Rashaad Newsome: Running

Presented By

Fort Mason Center for Arts & Culture and
San Francisco Art Institute

Through Jan 18th

To celebrate the opening week of Rashaad Newsome’s To Be Real, Fort Mason Center for Arts & Culture (FMCAC) and San Francisco Art Institute (SFAI) will present Newsome’s immersive performance, Running, on January 17 and 18, 2020.  In this abstract portrait of soul, composed for light and voice, three singers explore the “vocal run”: a musicology term for a rapid series of ascending or descending musical notes, usually improvised and sung in quick succession.  With the vocalists Kyron El, Aaron Marcellus, and Devin Michael from its New York City premiere, Running features an original score composed by the artist, incorporating samples of vocal runs by Aretha Franklin, Patti LaBelle, Whitney Houston, Marvin Gaye, B.B. King, James Brown, and Kelly Price, among others.

Running will be presented on January 17 and 18, 2020 at 7:00 p.m. in Gallery 308.  Tickets are $20/$15 for seniors, students, and members.

JUST ADDED: After the Saturday (1/18) show, guests are invited to stay for an artist talk with Newsome.

Open concurrently with Running and To Be Real, the Museum of the African Diaspora’s (MoAD) presentation of Newsome’s STOP PLAYING IN MY FACE! and Icon continues through March 1, 2020. The exhibition focuses on video works inspired by the origins and continued dynamism of Vogue, a dance phenomenon that emerged from Harlem’s queer ballroom scene. For more information, please visit MoAD.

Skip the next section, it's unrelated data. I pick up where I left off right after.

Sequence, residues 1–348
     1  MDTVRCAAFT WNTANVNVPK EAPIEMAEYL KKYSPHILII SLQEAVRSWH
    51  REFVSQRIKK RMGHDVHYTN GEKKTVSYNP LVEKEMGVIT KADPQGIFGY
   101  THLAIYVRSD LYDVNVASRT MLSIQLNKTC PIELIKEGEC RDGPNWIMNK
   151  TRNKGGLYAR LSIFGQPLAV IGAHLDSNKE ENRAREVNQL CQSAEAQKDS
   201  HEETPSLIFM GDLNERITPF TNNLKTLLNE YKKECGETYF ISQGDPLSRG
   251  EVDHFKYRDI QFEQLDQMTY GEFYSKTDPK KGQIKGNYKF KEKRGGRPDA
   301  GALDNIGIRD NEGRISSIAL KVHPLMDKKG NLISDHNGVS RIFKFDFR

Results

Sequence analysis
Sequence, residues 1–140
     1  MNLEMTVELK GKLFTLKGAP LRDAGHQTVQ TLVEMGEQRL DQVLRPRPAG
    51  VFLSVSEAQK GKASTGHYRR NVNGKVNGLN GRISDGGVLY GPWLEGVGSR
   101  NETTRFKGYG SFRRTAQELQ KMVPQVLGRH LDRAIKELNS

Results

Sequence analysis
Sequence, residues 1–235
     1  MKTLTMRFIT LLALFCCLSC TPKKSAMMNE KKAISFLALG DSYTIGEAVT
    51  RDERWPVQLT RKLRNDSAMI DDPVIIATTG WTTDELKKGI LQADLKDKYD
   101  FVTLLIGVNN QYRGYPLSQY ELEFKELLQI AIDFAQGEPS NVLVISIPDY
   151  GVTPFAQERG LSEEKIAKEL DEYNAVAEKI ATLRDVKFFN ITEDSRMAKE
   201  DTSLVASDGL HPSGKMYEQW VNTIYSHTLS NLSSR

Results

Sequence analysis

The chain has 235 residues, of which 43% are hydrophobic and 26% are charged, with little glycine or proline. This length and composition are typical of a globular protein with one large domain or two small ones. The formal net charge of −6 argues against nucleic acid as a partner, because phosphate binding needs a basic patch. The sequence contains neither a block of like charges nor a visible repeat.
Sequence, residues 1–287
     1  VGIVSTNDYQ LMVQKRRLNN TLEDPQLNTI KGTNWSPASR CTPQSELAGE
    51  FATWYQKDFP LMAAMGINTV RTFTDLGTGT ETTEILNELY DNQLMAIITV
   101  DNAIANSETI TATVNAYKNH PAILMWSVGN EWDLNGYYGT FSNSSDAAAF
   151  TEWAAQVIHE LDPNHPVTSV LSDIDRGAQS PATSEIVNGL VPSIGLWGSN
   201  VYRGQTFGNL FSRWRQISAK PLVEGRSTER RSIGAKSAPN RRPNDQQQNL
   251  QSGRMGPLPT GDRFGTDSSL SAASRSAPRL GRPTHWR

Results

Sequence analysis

About the Artist

Rashaad Newsome is a multidisciplinary artist whose work brings together collage, sculpture, film, music, computer programming, and performance to form an altogether new field. He pulls intuitively from the world of advertising, the Internet, Black and Queer culture to produce counter-hegemonic works. Using diasporic traditions of improvisation and collage, Newsome crafts compositions that walk a tightrope among intersectionality, social practice, and abstraction.

Newsome lives and works in New York City. He has exhibited and performed in galleries, museums, institutions, and festivals throughout the world, and his work is in numerous public collections including The Studio Museum in Harlem (NYC); Whitney Museum of American Art (NYC); The Brooklyn Museum (NYC); San Francisco Museum of Modern Art (CA); Los Angeles County Museum of Art (CA); and The National Museum of African American History and Culture (DC), among others.